Arthur Tappan

Arthur Tappan

Arthur Tappan was born in Northampton, Massachusetts, on 22nd May, 1786. Tappan moved to Boston at the age of 15 and by 1807 had established his own dry goods business in Portland, Maine. He expanded his business investments and a silk-importing firm based in New York was particularly successful. With his brother, Lewis Tappan, he established America's first commercial credit-rating service.

Tappan held strict moral views and contributed a large amount of his wealth to campaign against alcohol and tobacco. He also helped fund several anti-slavery journals and in 1831 helped establish America's first Anti-Slavery Society in New York in 1831. When two years later it became a national organization, Tappan was elected its first president.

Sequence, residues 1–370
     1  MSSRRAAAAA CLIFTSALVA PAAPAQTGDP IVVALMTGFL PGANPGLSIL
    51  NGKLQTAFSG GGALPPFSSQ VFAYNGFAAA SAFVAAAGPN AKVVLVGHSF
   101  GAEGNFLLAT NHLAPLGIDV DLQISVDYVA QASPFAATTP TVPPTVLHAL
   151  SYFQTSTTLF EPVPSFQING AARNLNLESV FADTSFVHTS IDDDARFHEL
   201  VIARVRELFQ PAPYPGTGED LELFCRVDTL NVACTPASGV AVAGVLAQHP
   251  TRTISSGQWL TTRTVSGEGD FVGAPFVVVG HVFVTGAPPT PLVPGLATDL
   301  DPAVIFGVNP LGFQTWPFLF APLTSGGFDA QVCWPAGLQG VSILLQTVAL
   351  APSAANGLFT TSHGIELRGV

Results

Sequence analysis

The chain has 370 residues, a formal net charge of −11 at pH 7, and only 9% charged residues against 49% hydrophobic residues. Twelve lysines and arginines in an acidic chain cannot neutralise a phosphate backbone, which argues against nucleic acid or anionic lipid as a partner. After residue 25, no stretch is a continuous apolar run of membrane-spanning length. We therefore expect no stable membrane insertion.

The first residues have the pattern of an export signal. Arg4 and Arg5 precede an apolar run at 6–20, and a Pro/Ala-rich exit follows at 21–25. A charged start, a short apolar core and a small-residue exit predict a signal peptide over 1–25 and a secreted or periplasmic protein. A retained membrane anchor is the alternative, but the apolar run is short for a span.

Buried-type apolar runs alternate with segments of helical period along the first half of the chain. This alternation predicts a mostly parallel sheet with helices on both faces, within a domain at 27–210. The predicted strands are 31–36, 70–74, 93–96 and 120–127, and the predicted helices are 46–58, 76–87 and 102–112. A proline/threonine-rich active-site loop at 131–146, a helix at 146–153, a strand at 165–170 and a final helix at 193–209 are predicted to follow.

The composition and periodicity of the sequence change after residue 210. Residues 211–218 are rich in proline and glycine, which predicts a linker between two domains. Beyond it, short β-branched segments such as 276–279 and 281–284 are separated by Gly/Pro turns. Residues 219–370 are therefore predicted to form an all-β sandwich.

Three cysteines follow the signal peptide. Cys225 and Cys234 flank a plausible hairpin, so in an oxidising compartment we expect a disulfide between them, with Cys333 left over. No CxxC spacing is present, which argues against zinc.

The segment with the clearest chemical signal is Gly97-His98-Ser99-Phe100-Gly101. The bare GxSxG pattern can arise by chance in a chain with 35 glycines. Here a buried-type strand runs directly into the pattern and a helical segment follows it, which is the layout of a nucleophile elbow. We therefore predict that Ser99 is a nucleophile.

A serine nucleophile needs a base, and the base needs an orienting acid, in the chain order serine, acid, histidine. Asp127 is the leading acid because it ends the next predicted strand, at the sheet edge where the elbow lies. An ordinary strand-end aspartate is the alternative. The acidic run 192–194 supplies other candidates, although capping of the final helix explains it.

Some members of the Anti-Slavery Society considered the organization to be too radical. They objected to the attacks on the US Constitution and the prominent role played by women in the society. In 1839, Arthur and Lewis Tappan left and formed a rival organization, the American and Foreign Anti-Slavery Society. He also backed the new anti-slavery Liberty Party.

After the passage of the Fugitive Slave Law in 1850, Tappan became more radical. He declared he was now willing to disobey the law and helped fund the Underground Railroad.

Arthur Tappan died on 23rd July, 1865 in New Haven, Connecticut.